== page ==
Developing countries are the most vulnerable to the impacts of climate. Although greatly depending on climate-sensitive natural resources for income and well-being, most developing countries still lack sufficient financial and technical capacities to manage the increasing climate risks.
This is the prepared text of the keynote address Richard E. Pates, the bishop of the Des Moines Diocese of the Roman Catholic Church, delivered Tuesday at the Iowa Hunger Summit.
“We could be the last Latin American and Caribbean generation living together with hunger.”
The international community is failing to take advantage of a potent opportunity to counter climate change by strengthening local land tenure rights and laws worldwide, new data suggests.
Many existing water-sharing treaties should be re-assessed in the context of climate change, write Shlomi Dinar, David Katz, Lucia De Stefano, and Brian Blakespoor in a World Bank working paper.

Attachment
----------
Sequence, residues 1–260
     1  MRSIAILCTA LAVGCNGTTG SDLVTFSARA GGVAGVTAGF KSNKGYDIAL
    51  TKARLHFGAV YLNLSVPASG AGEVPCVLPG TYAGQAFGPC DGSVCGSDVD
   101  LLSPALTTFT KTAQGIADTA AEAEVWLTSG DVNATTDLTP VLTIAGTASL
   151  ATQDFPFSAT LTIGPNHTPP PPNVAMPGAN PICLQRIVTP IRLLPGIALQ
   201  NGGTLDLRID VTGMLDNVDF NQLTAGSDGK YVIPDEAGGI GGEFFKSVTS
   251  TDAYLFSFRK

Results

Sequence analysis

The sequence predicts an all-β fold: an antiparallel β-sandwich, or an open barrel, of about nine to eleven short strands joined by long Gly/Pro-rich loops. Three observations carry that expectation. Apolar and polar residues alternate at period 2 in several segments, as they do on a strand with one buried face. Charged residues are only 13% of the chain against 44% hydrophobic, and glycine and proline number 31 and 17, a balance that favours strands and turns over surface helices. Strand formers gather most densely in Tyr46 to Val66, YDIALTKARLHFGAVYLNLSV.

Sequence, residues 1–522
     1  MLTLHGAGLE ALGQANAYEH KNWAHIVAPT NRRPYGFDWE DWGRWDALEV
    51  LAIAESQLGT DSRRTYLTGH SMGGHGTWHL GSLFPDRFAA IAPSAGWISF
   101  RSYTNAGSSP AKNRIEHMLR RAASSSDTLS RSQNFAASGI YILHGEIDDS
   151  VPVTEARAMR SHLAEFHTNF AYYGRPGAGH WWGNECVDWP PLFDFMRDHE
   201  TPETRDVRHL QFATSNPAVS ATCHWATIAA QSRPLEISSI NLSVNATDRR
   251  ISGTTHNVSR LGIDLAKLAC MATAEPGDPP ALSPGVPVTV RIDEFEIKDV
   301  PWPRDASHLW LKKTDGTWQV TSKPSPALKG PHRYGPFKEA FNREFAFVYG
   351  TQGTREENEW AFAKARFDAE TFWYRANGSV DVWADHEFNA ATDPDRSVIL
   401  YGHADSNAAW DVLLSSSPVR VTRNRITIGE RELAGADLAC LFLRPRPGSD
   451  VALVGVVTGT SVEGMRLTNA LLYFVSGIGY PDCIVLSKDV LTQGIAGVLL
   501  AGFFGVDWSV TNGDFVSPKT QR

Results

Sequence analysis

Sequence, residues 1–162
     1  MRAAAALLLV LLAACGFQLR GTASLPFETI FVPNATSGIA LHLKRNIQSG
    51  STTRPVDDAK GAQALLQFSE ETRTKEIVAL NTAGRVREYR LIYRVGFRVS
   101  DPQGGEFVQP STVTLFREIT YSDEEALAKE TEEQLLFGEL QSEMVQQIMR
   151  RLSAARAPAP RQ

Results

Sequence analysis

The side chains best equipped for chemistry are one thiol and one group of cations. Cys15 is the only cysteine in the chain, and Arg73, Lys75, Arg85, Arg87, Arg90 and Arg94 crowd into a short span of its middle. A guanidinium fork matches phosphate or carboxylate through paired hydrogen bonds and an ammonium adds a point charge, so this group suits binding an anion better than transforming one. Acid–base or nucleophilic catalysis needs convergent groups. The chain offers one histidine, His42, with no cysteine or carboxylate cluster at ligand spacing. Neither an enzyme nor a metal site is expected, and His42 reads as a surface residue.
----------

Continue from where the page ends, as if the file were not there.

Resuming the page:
Twenty years ago, a hugely influential article by Robert Kaplan titled “The Coming Anarchy,” was published in The Atlantic magazine.
Coffee farmers in Central America are struggling to tackle the worst epidemic in nearly 40 years of coffee leaf rust, a climate change-linked disease that has slashed coffee production by hundreds of millions of dollars, cut wages and put coffee pickers out of work.
On the surface all looks well: the sky above southern Jordan is deep blue and the sun is shining over fields of wheat and barley. Some families are out playing in the fields and celebrating the first glimpse of spring.
Ricardo Vásquez Sánchez glances up at the dry thatched roof on the wood-framed platform that is his home in Peru’s sweltering Amazon lowlands.
“If a spark lands there, it’ll go up in flames,” he says.
Abu Waleed isn’t quite sure where to begin his litany of grievances. Bugs that chomp their way through the mint he grows, or the dry well that forces him to pump water from a half kilometre away? Or perhaps the 160 dinars he spent on spinach seeds only to see scant growth after planting.